GP receptionist reveals what the job REALLY entails

Receptionists at GP surgeries often bear the brunt of patients’ frustration when they cannot get appointments, with some people saying their local practice staff are deliberately obstructive and rude.

Now a 12-year-old receptionist at a practice in the UK has taken to Mumsnet to reveal what the job really entails, answering questions from users about everything from why patients are asked to explain their problem over the phone when they call to make an appointment, to what doctors do when they don’t see patients.

She said she was ready to take some criticism, having read ‘dozens of previous threads where we’re called lazy, rude, power nuts, b*****s and more’.

“I can’t speak for all the other receptionists!” I’ve met some good ones and some bad ones too, I can’t deny the fact that there are people who aren’t suited for their roles,” she said.

“I’ve done this job for 12 years, it’s hard work but can be extremely rewarding at times. I’m on minimum wage. I’m free to look for a better paid job, but I’m here because I love my job and do my best.

A 12-year-old receptionist at a practice in the UK spoke to Mumsnet to reveal what the job really entails (stock image)

It’s more than answering the phone

“I deal with chemists, pharmacists, hospital secretaries, emails, post, hundreds of clinical letters and test reports, arrange all referrals, make all test requests and I types all letters from clinicians,” the receptionist explained.

‘New patient records are filled in, departing patient records are to be found and returned, clinical letters received are scanned, coded and processed, requests for translators, letters to be typed and patients to be called to arrange examinations , smears, etc., the loan of medical equipment.

“There’s a lot more, but I hope you understand that my job involves a lot more than answering the occasional phone call.”

“Hand on heart, I do everything I say and answer the phone, take deliveries, meter readings, sample collections and still find time to help crippled patients get to their taxis at the outside. I am not joking. I come home exhausted because I really can’t stop.

Why do dates “magically appear”?

“I have read a lot of complaints here that you call and there is no appointment. Then lo and behold, after more conversation, an appointment is found. It’s because I can register it as an urgent call,” she explained.

“If this is NOT an urgent call I will be reprimanded by my manager and if this continues I may lose my job.”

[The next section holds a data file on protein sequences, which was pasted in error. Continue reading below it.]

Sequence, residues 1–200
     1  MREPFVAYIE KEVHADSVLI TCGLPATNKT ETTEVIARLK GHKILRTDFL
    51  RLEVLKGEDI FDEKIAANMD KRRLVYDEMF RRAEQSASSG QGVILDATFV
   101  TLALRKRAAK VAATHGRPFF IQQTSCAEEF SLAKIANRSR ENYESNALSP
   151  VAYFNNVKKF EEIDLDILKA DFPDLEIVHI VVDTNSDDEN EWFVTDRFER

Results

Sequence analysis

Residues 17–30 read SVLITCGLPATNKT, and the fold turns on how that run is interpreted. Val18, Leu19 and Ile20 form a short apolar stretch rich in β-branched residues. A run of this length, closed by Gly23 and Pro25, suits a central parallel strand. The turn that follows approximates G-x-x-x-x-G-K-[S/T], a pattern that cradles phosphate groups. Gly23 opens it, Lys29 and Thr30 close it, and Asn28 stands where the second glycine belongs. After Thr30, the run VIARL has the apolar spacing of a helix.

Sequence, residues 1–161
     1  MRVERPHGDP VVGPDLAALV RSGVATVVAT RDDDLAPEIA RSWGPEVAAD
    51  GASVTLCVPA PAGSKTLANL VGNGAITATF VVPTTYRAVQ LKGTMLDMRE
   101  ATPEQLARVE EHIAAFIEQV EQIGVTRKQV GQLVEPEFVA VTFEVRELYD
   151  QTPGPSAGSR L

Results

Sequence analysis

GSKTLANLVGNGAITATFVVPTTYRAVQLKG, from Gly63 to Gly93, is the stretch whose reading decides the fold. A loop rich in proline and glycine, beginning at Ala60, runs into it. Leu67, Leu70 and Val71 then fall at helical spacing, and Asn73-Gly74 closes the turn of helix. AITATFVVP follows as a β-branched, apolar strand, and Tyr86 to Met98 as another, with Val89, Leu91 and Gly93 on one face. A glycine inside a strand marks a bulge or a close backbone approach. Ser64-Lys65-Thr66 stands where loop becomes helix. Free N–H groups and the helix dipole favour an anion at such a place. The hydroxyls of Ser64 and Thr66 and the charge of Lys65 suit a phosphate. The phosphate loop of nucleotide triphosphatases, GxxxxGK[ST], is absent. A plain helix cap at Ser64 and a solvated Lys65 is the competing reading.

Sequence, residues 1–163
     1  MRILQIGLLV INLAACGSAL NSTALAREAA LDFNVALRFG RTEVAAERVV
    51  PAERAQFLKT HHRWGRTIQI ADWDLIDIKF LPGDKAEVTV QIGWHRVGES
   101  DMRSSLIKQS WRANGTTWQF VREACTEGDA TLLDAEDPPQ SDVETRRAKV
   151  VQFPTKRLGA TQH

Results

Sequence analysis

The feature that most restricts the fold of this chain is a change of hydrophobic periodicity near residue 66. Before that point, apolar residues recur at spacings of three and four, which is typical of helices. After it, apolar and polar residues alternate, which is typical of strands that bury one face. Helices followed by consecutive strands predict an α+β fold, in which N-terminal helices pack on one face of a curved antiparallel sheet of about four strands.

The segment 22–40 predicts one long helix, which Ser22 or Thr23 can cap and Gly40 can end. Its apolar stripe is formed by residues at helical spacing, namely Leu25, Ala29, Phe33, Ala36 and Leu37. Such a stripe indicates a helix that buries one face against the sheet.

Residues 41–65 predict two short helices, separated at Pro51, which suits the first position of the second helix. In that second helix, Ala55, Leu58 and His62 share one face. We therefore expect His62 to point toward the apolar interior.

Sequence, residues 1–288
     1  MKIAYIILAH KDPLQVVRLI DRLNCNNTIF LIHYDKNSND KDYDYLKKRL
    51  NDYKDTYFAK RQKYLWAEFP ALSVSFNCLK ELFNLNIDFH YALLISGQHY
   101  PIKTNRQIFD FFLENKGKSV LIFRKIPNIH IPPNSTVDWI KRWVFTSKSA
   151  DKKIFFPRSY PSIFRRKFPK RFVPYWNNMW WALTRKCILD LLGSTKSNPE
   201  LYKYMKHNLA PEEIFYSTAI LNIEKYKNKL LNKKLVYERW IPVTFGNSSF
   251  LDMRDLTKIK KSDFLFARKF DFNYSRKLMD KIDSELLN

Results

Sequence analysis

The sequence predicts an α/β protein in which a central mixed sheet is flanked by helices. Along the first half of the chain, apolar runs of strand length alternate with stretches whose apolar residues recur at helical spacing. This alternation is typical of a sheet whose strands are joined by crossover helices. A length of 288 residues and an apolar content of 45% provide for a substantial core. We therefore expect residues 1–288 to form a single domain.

I’m just not allowed to continually add more and more patients to add as “extras”. They’re called extras because there really aren’t any appointments anymore.

Why does the receptionist need to know about your medical condition?

The receptionist explained that people often get irritated when asked to explain why they need to see the doctor.

People often think, “You’re not a medical professional, why are you asking me that?”, but she explained that asking the question “saves time and appointments.”

“I never make a clinical decision! It is a fact. The triage I do is just to make sure patients are booked with the clinician best suited to their needs,” she said.

“I should add that I always ask ‘Can I ask what this is about or is it personal?’ to make it easy to just say personal, as is their right.

She explained that in her practice, only the nurse does Pap tests, so if the person phones and makes an appointment with the doctor without explaining why, they will not get their test.

Only one doctor performs the fitting of the coils, likewise she needs to know if that is the reason for the appointment.

If someone has chest pain and difficulty breathing, she will put them on hold and call a GP to explain the symptoms and name the patient.

“GP makes the decision to book or call 999. I then call back regularly to make sure the ambulance has been called and reiterate that please call me back if the symptoms get worse or they are scared.

“If symptoms worsen or there are long delays with the ambulance, I will call the ambulance service and ask for updates and let them know how serious the situation is.”

If it’s a missing prescription, she needs to talk to the pharmacist.

I will check that it has indeed been sent to the pharmacy. if not, I’ll order it – whatever time of day. We ask patients to ring for prescriptions after 10:30 a.m. until 6 a.m. but this is not set in stone.

“A lot of times people have to go to work, go to school, make other appointments – plus it saves another 10:30 call.”

What do doctors do all day if they see fewer patients?